Mental health stories from the past: Where do we come from?
For centuries, opinions have been voiced about the health of Estonian minds. First it was by strangers, who saw the local people as an object of study. And then it was by the Estonians themselves, who formulated their views on the matter in the late 19th century. This period, commonly known as the Age of Awakening, saw imported scientific ideas intersect with the emerging Estonian elite’s inferiority complexes and burgeoning national ambitions. The question of Estonians’ mental health emerged in various contexts, some examples of which are presented below.
Two hundred years ago, Baltic German scientist Karl Ernst von Baer thought that mental illness was uncommon among Estonians: ‘This demonstrates the extent to which a cultured and refined way of life, a dangerously heightened imagination, and education, by sharpening sensibilities, contribute to the development of these diseases.’ Soon, however, the situation changed, as Estonians gradually gained new rights and liberties and embarked on the course of national awakening. At the beginning of the 20th century, Estonian doctors Peeter Hellat and Juhan Luiga diagnosed many of their compatriots with a condition they called hysteria estonica. It was thought to be the ‘malady of foreign ways’, the kind that strikes those who have abandoned their traditional way of life. We see a parallel here with the labelling of women’s emancipation, which was similarly centred on the concept of hysteria.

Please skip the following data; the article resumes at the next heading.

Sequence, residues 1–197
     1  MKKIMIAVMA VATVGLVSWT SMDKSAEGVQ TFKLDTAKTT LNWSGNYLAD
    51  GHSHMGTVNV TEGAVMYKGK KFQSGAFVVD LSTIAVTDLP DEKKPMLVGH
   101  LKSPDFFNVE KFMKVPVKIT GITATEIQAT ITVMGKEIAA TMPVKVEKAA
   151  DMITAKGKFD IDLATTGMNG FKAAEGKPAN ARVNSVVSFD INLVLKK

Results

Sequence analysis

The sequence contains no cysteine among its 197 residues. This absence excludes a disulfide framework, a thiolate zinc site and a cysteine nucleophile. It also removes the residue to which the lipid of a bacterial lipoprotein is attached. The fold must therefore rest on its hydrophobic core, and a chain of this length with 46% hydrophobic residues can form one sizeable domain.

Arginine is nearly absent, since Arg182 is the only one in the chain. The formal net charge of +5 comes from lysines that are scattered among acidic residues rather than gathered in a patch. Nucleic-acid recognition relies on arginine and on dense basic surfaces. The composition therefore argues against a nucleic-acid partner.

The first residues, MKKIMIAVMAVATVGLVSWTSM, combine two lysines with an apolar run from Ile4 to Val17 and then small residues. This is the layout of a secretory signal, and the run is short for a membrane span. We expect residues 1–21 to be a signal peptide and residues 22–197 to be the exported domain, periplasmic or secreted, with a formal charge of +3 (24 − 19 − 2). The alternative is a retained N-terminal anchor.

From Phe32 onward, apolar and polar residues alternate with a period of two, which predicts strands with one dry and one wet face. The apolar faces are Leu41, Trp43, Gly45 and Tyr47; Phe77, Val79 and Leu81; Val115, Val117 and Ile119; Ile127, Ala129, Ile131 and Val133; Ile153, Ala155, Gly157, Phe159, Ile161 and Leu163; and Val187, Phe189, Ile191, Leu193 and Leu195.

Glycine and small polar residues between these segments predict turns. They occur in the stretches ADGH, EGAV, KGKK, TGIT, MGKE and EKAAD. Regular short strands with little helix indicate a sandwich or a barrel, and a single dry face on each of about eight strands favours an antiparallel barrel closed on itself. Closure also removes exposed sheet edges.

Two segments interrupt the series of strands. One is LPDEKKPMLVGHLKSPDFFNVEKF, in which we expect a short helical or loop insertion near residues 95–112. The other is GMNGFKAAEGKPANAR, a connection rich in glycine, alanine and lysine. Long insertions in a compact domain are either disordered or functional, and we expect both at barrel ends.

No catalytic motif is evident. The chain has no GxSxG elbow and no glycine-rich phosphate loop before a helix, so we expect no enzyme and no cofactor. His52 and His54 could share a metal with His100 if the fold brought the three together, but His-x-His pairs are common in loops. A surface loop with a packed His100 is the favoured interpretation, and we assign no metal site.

Another condition believed to be widespread among the population was neurasthenia estonica, supposedly caused by the mental and physical stress related to urbanisation, the spread of school education, and so on.
These consequences of national emancipation, it was believed, hit the elite the hardest. In 1920, doctor Juhan Vilms wrote that to solve this problem, the whole nation needed to rise to a higher cultural plane, because then “the burden of work would rest on everyone’s shoulders”.